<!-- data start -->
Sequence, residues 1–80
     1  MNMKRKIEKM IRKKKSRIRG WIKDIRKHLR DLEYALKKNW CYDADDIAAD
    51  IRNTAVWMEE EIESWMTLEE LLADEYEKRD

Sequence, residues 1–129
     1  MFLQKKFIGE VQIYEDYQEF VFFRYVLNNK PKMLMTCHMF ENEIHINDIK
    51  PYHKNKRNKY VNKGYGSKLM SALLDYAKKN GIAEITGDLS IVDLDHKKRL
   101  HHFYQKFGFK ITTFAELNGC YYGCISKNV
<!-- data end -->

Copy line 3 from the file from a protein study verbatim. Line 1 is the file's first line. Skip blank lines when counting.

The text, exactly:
    51  IRNTAVWMEE EIESWMTLEE LLADEYEKRD